A Short Story by Edward Picot

My father was a thin, serious man with a bald patch on the back of his head and a burning pain in his tummy. He used to lie upstairs in bed and tell us Bible stories. He was a devout Christian. If we fell out with each other and went to him for a judgement, instead of making a simple decision about who was right and who was wrong he would tell us to consider one another's feelings. He would mention the Good Samaritan, or Jesus telling the crowd not to throw stones at the adultress. "You mustn't only see things from your own point of view," he would say. "Try to imagine how the other person feels." So we frequently took our problems to our mother instead, because although her decisions were hasty and arbitrary they were at least clear-cut.

There were three of us - my elder brother, my little sister and myself - and we all went to the same Church of England school. When I was almost five years old my mother took me to meet a man called Mr Anderson, who was the headmaster. He was sitting on a wooden chair in the empty school hall, as if he lived there all the time. He was big and chubby, with sticking-out ears and a bright smiling face. He introduced himself by lifting me onto his lap, squeezing me in his hot arms, and asking me if I loved him. I said yes, and since his face was close to mine I rubbed noses with him. "You're like an Eskimo!" he exclaimed. "They rub noses." I was completely won over, and decided that Mr Anderson was more fun than my serious, high-minded father.

Shortly afterwards I entered the chaotic world of my first school. It was a strictly ageist establishment, in which the children of one year had as little as possible to do with the children of another. My brother demonstrated this principle on my first morning, by walking with me as far as the gate, then turning his back on me as soon as we entered the playground. He ran off to play with his own friends, and when I tried to follow him he told me anglrily to leave him alone. When my little sister started school a year later, I snubbed her in exactly the same way.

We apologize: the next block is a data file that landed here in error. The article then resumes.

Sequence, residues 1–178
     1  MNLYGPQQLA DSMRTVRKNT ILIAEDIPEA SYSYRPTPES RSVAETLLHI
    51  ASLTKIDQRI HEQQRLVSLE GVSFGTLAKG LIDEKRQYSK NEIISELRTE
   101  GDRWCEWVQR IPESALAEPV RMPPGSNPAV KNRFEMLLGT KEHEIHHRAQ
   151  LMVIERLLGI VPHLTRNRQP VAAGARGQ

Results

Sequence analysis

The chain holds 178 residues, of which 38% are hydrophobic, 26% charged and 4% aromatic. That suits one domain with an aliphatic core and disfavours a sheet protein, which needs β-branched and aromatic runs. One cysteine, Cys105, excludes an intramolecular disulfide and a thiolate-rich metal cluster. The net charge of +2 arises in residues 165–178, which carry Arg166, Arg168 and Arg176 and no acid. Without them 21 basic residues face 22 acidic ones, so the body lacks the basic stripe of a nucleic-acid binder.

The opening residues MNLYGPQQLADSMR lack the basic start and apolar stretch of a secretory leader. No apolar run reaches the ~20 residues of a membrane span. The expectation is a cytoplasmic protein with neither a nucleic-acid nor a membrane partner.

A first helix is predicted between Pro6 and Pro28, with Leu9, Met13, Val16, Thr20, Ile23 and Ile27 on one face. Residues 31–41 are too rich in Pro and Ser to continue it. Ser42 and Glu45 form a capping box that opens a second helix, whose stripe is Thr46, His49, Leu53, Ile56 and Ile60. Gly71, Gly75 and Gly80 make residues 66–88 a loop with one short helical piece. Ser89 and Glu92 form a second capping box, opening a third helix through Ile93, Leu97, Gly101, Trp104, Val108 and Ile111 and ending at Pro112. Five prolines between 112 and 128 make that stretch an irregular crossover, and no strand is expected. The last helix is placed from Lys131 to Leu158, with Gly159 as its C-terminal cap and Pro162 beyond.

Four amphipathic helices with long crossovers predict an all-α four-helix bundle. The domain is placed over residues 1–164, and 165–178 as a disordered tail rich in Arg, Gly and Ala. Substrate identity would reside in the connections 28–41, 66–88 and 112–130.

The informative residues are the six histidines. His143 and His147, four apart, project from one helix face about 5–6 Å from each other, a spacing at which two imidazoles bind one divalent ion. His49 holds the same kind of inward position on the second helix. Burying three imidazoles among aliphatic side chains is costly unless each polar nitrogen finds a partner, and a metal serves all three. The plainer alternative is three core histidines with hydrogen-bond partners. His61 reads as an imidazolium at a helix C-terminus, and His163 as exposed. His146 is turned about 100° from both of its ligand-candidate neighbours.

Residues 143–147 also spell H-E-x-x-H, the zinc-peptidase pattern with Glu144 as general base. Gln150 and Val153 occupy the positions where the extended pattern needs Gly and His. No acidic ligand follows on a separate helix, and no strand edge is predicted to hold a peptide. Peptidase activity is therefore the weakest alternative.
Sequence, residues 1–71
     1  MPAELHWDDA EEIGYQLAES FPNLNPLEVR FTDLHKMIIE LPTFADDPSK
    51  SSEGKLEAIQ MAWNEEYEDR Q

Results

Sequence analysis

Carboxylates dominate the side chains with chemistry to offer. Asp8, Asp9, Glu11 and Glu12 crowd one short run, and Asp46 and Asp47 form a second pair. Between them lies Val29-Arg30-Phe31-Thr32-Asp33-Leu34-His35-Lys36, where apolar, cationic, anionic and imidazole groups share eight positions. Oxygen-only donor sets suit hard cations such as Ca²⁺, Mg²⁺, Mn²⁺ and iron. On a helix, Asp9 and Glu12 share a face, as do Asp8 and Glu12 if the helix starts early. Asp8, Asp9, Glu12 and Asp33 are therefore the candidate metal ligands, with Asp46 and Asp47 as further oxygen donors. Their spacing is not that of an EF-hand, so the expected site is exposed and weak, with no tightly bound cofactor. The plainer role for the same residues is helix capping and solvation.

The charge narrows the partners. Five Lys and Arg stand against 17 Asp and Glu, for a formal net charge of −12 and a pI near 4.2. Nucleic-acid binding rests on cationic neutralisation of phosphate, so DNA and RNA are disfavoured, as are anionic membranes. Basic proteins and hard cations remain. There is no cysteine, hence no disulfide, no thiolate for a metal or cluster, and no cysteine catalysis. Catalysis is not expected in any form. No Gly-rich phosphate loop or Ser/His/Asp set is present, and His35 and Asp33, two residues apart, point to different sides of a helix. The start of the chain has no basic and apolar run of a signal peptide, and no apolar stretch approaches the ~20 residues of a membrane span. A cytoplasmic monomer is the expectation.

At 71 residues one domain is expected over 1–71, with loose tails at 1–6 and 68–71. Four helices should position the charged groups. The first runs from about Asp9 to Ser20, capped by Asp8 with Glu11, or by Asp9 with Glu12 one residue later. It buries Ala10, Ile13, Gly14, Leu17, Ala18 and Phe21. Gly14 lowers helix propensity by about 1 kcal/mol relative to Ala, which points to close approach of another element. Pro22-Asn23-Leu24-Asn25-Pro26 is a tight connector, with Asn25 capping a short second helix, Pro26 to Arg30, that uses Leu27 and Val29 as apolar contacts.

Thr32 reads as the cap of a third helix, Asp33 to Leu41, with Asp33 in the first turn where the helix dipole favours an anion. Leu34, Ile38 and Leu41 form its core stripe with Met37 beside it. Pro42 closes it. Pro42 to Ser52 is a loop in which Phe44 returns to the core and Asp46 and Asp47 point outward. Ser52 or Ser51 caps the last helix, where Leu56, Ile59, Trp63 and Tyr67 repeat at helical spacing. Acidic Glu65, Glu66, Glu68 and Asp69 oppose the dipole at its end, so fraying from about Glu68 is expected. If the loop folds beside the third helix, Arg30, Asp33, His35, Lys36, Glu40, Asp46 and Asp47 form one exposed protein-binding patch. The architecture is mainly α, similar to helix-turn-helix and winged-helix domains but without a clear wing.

Mr Anderson was the hero of the school. He was the one who stood up and spoke to us in Assembly. His gaze went roaming from face to face, and each of us in turn felt a little warm shock as his moist brown eyes met ours. We all wanted to be his favourties, and sometimes he would make us feel special by impulsively grabbing us and squeezing us and asking us if we loved him. The answer was always yes, of course.

He talked so feelingly about the persections of the saints that we half-believed he was a persecuted saint himself; and his Bible stories, unlike the moralistic ones my father came out with, were full of interesting details about people being stoned to death, baked in ovens, stripped naked and frozen or hung upside-down on crosses. He was a charismatic and emotional teacher. At times he could make whole roomfuls helpless with laughter by daringly mentioning willies or bottoms in the middle of a lesson. At other times, he could reduce his audience to tears.

Next to him in Assembly, staring stonily ahead with her lips pressed together, sat his arch enemy, Mrs Townley. The entire school knew that the two of them hated each other, but nobody knew why. Of course we were all on Mr Anderson's side. Mrs Townley was old and fat and ugly. Her hair was orange, with grey bits close to her head. Her little sharp pointy nose and her little sharp pointy chin grew towards each other, just like the noses and chins of witches in fairy stories. She was always strict and severe in class, and she never made jokes.

The school stood on a steep hill above a churchyard. Twice a week we all formed up in twos, which was called a crocodile, and trooped down the steep path to the church for a morning service. Down the middle of the aisle ran a strip of iron grating with darkness underneath. Rumour had it that some of the dead people were kept down there: I always looked through and tried to see them. All I could see was emptiness and darkness, and I didn't like to look for too long, because I was worried that the grating might give way and I might fall down amongst the dead people and not be able to get out again.